Regular readers of Publishing Perspectives who have watched the rise of AmazonCrossing to the leadership position in translation houses under the editorial direction of PW Star Watch ‘Superstar’ Gabriella Page-Fort will know that the potential of the new Amazon-Solomon imprint is significant.

AmazonCrossing has broken the “genre barrier” and generated internationally popular translations of romance, science-fiction, historical fiction, and thrillers as well as the more common target for translation, literary fiction. This, combined with Amazonian sales power, has helped it widen the appeal of translations both in Crossing’s lucrative home market in the States and abroad.

Topple may well do the same for its multiculturally core content, creating a new space for the sort of inclusivity that has eluded other parts of the business. At a time in which parts of the traditional publishing industry are struggling to find their footing in a multiculturally aware entertainment context, the handwriting may be on the wall: a formidable new player in diversity-driven literature is here. And it can go straight to television.

APub’s publisher, Mikyla Bruder, is quoted in the company’s statement, saying, “Amazon Publishing and Little A are committed to publishing books from a diverse array of writers that inspire, connect and entertain. We look forward to sharing the voices and stories that Jill discovers with readers.”

And on Jill Soloway’s Topple Productions site, there’s a tab already for books. Click it and you’ll read: “Coming Soon.”

Hodding’s Bartholomew Joins Midas Public Relations

From left, Midas Public Relations’ Tony Mulliken, Steven Williams, and Jason Bartholomew

Many who work in the UK’s publishing industry—and many who cover elements of that industry for various international news media such as Publishing Perspectives—know Midas Public Relations to be among a small handful of top press agencies for books, the publishing industry, and its major players.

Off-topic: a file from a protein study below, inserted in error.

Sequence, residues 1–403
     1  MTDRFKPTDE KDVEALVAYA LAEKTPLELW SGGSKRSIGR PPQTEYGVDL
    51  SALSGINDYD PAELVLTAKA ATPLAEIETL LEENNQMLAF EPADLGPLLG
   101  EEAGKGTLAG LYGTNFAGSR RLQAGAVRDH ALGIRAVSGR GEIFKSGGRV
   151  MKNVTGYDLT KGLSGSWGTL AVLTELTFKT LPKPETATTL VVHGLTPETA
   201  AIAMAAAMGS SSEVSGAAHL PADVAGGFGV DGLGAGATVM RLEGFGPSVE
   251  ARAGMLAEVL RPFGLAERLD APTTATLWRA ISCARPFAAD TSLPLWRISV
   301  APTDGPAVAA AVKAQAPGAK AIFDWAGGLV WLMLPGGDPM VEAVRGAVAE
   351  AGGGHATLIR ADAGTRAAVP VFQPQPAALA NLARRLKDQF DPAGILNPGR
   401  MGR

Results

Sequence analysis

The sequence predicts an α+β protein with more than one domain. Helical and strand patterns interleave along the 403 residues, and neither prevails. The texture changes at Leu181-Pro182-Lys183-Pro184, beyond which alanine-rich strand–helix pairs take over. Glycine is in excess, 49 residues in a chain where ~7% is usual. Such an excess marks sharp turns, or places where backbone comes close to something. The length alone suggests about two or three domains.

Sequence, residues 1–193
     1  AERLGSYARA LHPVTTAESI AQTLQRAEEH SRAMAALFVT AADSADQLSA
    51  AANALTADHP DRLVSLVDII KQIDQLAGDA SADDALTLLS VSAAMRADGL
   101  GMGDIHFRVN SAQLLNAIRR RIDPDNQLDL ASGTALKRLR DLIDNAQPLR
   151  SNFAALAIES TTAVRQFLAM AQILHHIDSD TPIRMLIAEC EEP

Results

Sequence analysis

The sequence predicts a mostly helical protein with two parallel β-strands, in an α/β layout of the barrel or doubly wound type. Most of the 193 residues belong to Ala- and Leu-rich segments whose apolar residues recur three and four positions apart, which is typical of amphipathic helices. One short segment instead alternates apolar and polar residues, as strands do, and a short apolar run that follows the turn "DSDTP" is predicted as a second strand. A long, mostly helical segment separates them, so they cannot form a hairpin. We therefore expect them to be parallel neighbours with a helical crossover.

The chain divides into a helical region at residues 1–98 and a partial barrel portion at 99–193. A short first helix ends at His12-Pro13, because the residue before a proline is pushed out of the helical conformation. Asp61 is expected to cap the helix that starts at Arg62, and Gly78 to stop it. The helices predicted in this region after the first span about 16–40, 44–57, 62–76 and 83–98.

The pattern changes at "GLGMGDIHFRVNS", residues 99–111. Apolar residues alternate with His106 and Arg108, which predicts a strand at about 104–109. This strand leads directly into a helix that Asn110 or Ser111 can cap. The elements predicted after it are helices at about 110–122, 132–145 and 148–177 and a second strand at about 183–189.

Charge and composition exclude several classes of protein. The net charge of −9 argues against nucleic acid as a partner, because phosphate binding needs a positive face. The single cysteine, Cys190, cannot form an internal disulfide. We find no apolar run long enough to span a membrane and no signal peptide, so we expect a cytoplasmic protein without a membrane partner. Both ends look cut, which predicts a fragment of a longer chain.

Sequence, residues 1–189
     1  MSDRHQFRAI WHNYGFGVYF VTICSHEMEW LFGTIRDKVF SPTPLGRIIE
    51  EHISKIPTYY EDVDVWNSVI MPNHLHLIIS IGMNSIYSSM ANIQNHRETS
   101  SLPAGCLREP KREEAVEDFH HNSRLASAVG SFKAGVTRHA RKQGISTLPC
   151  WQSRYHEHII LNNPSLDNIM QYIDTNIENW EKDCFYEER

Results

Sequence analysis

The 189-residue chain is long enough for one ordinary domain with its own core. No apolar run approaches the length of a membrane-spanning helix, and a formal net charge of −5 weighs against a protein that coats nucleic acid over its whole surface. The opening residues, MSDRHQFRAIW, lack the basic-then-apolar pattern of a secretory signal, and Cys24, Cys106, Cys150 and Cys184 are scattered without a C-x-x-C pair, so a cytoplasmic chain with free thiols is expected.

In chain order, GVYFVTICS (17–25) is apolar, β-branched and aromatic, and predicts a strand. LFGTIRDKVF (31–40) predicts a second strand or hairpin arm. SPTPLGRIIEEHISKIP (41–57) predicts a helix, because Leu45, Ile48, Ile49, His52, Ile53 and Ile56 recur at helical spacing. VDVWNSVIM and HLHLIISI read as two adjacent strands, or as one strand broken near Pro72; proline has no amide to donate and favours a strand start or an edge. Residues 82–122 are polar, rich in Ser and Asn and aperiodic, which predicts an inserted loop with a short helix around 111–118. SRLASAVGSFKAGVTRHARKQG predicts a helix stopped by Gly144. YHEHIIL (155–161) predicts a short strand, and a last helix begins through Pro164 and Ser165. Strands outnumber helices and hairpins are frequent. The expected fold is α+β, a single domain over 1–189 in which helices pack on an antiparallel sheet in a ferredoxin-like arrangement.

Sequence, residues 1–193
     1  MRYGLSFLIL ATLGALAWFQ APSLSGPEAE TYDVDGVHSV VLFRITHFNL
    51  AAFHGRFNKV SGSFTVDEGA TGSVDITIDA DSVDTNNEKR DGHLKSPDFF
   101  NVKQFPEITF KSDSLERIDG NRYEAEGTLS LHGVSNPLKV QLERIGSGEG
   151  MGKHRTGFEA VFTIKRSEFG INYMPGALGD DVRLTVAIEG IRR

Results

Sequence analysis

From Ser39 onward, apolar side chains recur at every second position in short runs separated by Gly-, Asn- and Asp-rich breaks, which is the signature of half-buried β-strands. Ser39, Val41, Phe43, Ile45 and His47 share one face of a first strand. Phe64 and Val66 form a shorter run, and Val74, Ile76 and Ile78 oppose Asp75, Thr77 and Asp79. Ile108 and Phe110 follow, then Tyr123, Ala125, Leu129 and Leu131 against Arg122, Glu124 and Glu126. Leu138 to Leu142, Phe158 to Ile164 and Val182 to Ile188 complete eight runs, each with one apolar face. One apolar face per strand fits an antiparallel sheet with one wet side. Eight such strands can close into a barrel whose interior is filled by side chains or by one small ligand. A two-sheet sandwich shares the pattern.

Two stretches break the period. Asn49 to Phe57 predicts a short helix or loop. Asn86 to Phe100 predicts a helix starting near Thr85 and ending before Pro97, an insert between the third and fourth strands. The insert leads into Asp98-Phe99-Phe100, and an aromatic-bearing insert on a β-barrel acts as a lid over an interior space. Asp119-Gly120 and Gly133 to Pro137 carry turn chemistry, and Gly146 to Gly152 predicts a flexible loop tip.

Today (February 28), co-founding chairman Tony Mulliken and co-founding CEO Steven Williams are announcing that Jason Bartholomew is joining the firm as joint CEO with to focus on developing new markets and services.

Bartholomew is moving from his role as rights director with Hodder & Stoughton, Headline Publishing Group, John Murray Press, and Quercus Books, as well as publishing director of Quercus Books US.

In a prepared statement, Williams is quoted, saying, “With Jason’s close knowledge of the needs of an ever-changing publishing industry, and with his knowledge of other arts and media sectors, we’re confident that his exceptional track record, his energy and his creativity, will enable Midas to achieve even a greater diversity and quality of our offering in the future.”

And Bartholomew is also quoted: “I have known Steven and Tony for some years and always admired the work of their company. With my long experience in the UK and US publishing worlds, allied with my contacts across other arts and media organizations,  I’m looking to build Midas into an even bigger brand than it already is.”

Bartholomew—the 2013 winner of the Frankfurter Buchmesse-sponsored Bookseller Industry Award for Rights Professional of the Year—is to leave his position with Hodder on May 31 and plans to start with Midas on July 1.

About the Author

Porter Anderson

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Porter Anderson has been named International Trade Press Journalist of the Year in London Book Fair's International Excellence Awards. He is Editor-in-Chief of Publishing Perspectives. He formerly was Associate Editor for The FutureBook at London's The Bookseller. Anderson was for more than a decade a senior producer and anchor with, CNN International, and CNN USA. As an arts critic (Fellow, National Critics Institute), he was with The Village Voice, the Dallas Times Herald, and the Tampa Tribune, now the Tampa Bay Times. He co-founded The Hot Sheet, a newsletter for authors, which now is owned and operated by Jane Friedman.